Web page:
They did not run away, they may even have shot their weapons into the air – but they simply could not look down the sights and kill another human being. At the last moment, they became conscientious objectors.

        Marshallhad stumbled upon the single most important fact about the modern battlefield: most of the soldiers present were not really taking part in the battle. Moreover, this secret refusal to kill could not be solely an American trait, or else the US Army would have lost every battle it fought against the Germans and the Japanese. In fact, it was true of every army that fought in the Second World War.

        link

        In cases where this inhibition has gone dramatically awry, there is often a biological, not a political, basis. For example, here's a recent article from The Atlantic: The Brain on Trial that among other things describes how Charles Whitman (the University of Texas Tower  shooter) was suffering from a brain tumor.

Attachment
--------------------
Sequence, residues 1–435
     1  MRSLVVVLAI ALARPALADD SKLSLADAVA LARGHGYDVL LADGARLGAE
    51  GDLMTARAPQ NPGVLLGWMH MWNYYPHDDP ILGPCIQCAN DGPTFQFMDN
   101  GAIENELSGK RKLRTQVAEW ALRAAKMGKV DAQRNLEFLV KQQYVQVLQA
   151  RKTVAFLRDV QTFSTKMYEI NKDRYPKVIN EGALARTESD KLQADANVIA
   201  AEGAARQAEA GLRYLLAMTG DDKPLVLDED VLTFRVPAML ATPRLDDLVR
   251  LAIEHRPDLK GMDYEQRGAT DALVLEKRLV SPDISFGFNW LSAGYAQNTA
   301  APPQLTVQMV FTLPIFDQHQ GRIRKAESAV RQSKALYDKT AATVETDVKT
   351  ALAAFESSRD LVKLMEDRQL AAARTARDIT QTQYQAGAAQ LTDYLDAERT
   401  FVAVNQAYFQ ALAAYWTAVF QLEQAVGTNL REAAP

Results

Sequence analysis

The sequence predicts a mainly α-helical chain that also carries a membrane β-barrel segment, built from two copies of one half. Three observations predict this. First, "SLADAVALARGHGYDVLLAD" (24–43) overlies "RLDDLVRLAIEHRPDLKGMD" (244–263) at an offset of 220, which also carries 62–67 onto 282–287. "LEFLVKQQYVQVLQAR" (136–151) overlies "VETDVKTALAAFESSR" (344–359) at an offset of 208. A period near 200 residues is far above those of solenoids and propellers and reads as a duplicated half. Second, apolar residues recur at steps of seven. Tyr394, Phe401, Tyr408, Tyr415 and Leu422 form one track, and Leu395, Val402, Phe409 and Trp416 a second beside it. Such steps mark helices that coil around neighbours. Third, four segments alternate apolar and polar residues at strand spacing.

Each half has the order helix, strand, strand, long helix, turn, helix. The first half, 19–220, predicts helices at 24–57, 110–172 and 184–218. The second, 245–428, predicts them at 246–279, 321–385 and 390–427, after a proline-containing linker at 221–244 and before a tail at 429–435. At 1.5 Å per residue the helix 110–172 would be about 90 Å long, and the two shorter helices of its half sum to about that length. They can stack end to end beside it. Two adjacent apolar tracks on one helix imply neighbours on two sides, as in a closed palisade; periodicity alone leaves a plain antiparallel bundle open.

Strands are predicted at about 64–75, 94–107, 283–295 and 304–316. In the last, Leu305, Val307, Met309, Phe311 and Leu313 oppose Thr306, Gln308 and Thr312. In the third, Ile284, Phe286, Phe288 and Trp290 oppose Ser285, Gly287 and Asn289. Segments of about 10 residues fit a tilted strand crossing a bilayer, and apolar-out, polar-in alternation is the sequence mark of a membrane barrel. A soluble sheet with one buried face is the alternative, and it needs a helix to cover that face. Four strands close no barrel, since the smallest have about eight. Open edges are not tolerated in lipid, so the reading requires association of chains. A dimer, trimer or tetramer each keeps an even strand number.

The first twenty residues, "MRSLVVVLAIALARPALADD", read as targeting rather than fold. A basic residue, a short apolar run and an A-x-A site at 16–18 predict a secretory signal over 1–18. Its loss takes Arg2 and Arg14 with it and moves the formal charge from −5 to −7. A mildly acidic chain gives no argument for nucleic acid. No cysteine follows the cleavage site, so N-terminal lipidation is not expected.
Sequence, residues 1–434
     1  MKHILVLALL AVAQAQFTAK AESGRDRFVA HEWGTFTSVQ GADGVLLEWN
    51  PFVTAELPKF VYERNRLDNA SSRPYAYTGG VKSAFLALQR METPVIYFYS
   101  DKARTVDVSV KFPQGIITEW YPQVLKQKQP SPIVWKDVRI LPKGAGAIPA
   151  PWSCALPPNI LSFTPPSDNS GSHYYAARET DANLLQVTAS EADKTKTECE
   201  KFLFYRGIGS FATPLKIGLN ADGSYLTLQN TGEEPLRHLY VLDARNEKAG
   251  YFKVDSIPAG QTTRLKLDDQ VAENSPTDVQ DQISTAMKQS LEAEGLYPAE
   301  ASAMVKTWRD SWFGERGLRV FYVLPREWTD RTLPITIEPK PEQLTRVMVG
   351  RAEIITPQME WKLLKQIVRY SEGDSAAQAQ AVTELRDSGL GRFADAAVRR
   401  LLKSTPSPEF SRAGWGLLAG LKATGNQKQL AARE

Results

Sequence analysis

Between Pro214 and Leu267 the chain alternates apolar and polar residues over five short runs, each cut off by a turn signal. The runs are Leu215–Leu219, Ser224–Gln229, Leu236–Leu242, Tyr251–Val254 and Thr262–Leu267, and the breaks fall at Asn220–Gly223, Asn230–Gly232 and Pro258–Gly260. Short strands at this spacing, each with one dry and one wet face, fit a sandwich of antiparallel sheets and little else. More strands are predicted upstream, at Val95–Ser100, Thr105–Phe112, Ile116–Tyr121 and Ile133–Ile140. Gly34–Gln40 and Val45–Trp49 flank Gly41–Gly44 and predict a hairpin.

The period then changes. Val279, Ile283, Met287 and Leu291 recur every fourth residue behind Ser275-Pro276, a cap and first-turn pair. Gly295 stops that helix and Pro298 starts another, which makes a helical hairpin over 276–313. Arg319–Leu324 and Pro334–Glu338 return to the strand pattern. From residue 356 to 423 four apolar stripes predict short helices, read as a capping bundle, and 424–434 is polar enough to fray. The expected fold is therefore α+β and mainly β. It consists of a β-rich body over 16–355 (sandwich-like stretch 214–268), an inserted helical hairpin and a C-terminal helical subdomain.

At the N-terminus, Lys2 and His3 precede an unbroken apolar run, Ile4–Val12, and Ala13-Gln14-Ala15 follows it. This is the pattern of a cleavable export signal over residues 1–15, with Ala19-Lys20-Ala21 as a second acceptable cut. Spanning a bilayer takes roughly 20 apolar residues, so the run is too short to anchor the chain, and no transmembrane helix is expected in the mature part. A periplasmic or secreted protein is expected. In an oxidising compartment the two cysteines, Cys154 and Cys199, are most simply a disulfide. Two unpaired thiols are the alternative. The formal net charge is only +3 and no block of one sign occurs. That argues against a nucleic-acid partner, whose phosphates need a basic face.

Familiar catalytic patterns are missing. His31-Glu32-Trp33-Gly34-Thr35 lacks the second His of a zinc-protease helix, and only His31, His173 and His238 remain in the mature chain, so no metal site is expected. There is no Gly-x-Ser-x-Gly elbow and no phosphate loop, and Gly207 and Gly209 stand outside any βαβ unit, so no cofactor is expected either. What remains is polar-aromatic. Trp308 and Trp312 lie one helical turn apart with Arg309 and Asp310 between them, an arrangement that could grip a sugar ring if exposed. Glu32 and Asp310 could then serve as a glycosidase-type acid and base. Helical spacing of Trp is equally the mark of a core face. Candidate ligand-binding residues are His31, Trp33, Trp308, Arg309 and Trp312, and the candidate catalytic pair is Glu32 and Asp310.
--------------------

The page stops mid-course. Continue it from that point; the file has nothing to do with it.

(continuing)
Just saying, instead of the rampant speculation over the political motives of this guy, I submit that it is just as likely that he may have been suffering from some underlying biological condition.  Just in case anyone cares to really get to the bottom of his behavior - as opposed to engaging in feel good anti-anti-Islam rants . . ..

        •  Yearly MRI's then? (3+ / 0-)
          Recommended by:
          beltane, wiseacre, kyril

          This raises an interesting point.  Identifying and encouraging the warrior in the soldier is the modern military's goal.

          But most of these killers, are not suffering form brain tumors or other obvious disorders.

          Spec Ops soldiers are rarely psychopaths either.   The nut cases are weeded out very efficiently. What you are often left with in these self selecting volunteer units are cold calculating professionals. Some are driven mad, by what they witness and do later on, yet the best ones are able to cooly disassociate themselves from their actions through ideological commitment or devotion to unit and country and the expectation of retirement in their 20s or mid 30s from active combat.